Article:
The projected unemployment rates for the Cayman Islands recently shared by Finance Minister Roy McTaggart sound less like estimates than calibrations of a finely tuned scientific instrument. The economy – as even economists know – is anything but a finely tuned instrument.
Nevertheless, Mr. McTaggart told Chamber of Commerce members last week that the overall unemployment rate in Cayman currently is 4.4 percent and is expected to decline to 4.2 percent in 2019 and 4.0 percent in 2020.
How could Mr. McTaggart, or anyone else, possibly know this? Did government factor into its calculations, for example, the uncertainty in the financial services sector (given the myriad of global threats to the industry?) We hope they did, because Cayman’s financial sector currently employs more than 7,500 workers or, put another way, approximately 18.3 percent of our total labor force.
Regardless of what the government says, or thinks it knows, about present and future employment numbers, we do know this: Unemployment in Cayman, including among Caymanians, is enviably low.
As of fall 2017, the government estimated Caymanian unemployment at 7.3 percent, which translates into 1,515 jobless Caymanians.
Let’s dissect that number further:
Some are qualified workers who are simply “between jobs” temporarily.
Others are workers who do not possess the qualifications needed to secure the jobs they desire. These will remain unemployed until their expectations align with reality.
And still others can be considered truly “unemployable,” because of issues with health, education, attitude, substance abuse, or a whole host of other disqualifiers.
All of the above need to be subtracted from the frequently quoted, but still minuscule, 1,515 number. The “real number” is likely well under 1,000.
When politicians make promises of “a job for every Caymanian,” what they are really doing is attempting to score political points by portraying Caymanians as victims of discrimination in their own country. That’s when the political myth becomes both divisive and dangerous.
Enter the government’s newest department, where the myth is the mission.
Taking on responsibilities that formerly were the remit of the Department of Immigration and the National Workforce Development Agency, the new “Workforce Opportunities & Residency Cayman” (or “WORC”) promises to be one of the most potentially intrusive government entities impinging on the private sector. The new department is charged with processing work permits and immigration applications, while securing “durable employment and opportunities for the advancement of Caymanians through development, training, internship, apprenticeships and partnerships with private sector businesses.”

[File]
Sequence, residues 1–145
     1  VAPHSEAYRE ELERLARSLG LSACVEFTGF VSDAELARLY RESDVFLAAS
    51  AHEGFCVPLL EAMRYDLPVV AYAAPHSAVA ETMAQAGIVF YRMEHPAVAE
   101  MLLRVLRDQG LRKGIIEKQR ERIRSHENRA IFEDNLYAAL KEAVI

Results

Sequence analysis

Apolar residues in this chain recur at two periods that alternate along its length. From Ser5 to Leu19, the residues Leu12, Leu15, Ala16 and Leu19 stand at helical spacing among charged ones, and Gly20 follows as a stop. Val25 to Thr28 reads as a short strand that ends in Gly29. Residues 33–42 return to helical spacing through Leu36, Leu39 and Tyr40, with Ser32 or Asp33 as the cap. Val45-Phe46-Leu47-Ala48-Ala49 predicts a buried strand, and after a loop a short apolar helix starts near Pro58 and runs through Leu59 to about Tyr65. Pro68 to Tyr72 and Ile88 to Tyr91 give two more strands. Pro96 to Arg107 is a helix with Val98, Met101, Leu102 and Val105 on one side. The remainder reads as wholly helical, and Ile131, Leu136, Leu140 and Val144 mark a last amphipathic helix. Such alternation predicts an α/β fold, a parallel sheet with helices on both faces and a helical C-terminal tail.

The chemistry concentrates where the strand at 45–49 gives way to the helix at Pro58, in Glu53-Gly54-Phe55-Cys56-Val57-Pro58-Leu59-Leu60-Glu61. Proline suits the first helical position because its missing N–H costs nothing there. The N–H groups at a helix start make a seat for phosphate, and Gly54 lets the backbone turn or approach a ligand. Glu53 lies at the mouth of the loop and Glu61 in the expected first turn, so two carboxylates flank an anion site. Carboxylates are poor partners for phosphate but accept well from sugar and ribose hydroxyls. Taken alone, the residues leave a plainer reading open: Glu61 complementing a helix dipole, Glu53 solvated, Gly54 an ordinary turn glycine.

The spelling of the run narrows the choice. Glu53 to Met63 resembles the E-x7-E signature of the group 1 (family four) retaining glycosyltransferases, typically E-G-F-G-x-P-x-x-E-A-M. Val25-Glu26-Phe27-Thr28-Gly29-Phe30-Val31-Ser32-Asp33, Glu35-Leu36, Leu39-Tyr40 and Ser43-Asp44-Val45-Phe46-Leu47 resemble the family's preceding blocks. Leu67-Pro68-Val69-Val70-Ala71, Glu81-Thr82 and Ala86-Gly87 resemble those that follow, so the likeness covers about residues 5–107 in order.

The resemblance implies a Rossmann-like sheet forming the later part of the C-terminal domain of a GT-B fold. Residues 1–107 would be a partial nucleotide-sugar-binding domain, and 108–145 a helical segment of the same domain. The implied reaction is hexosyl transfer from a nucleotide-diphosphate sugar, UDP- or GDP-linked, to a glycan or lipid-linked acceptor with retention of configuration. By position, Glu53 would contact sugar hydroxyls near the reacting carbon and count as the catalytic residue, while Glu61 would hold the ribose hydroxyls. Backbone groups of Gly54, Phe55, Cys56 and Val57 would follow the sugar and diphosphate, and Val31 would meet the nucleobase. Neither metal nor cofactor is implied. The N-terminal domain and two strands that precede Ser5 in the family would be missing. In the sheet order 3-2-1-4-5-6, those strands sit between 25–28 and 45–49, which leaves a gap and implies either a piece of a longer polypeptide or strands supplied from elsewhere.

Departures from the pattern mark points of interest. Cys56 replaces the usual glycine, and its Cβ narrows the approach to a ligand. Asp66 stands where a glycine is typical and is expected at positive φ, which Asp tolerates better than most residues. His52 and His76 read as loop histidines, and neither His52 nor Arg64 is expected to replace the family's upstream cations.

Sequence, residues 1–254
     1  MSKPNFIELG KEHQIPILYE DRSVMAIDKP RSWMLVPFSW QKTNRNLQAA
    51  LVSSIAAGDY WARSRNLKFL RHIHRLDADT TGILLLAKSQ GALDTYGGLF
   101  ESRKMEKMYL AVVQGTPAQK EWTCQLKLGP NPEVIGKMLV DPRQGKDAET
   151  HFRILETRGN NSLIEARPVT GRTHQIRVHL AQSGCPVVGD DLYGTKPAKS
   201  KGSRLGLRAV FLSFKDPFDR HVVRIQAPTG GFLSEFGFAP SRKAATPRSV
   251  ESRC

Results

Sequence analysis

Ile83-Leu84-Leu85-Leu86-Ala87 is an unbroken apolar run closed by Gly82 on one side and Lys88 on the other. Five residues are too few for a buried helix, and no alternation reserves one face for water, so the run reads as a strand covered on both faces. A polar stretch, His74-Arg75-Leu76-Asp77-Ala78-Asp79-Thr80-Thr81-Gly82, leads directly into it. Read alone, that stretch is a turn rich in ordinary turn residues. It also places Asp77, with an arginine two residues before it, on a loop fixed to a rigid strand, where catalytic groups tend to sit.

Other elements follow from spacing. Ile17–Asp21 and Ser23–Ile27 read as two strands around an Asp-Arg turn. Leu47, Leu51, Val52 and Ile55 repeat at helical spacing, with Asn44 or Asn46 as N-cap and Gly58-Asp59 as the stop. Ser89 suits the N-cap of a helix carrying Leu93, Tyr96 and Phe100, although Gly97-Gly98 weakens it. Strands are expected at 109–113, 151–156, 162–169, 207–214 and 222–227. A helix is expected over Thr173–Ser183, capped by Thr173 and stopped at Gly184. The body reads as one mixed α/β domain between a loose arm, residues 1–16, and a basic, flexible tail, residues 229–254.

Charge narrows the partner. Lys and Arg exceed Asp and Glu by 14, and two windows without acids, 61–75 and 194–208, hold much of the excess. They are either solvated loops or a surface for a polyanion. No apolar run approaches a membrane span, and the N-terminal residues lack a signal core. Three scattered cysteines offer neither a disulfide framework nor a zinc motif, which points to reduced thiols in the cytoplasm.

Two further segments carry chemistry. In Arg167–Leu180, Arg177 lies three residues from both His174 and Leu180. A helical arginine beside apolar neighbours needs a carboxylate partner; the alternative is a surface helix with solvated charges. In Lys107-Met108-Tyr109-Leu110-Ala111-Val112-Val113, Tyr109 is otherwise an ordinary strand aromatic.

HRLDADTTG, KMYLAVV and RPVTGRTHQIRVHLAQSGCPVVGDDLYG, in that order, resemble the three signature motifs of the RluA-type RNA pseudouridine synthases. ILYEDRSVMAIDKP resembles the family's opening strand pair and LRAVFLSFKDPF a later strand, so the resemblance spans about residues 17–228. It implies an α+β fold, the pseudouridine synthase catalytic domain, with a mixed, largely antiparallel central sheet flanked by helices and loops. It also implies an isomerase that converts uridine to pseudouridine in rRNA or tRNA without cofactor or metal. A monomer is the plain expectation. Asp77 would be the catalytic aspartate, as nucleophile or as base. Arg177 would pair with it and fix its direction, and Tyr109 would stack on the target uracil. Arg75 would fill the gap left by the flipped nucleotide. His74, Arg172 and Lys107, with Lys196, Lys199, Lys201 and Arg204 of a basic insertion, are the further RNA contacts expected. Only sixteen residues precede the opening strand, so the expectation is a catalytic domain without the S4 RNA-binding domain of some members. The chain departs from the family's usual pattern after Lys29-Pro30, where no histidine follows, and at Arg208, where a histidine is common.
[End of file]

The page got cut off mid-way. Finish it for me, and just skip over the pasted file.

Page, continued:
The brainchild of Premier Alden McLaughlin (why he would claim paternity of this amalgamation is beyond us) is scheduled to gestate for another year before launching in the summer of 2019. WORC’s intended focus is “two inter-related elements: full Caymanian employment and a well-supplied business community that is globally competitive,” according to interim director Sharon Roulstone.
Attempting to coerce companies into hiring employees based on anything other than their individual merit threatens to stifle or destroy the economic prosperity upon which we all rely and, incidentally, the foundation upon which Cayman’s “economic miracle” was built.
Cayman’s immigration law is clear: When a position attracts applications from an expatriate and an equally qualified Caymanian, the job goes to the Caymanian. (From a manager’s perspective, obviously it’s far less costly and troublesome to hire the Caymanian, thus avoiding the entanglements of overseas recruitment and relocation, the lengthy and close-to-extortionate work permit fee structure and other associated costs and frustrations.)
This is not the first, and certainly will not be the last, time we will say it: The government needs to resist the temptation of meddling in Cayman’s businesses.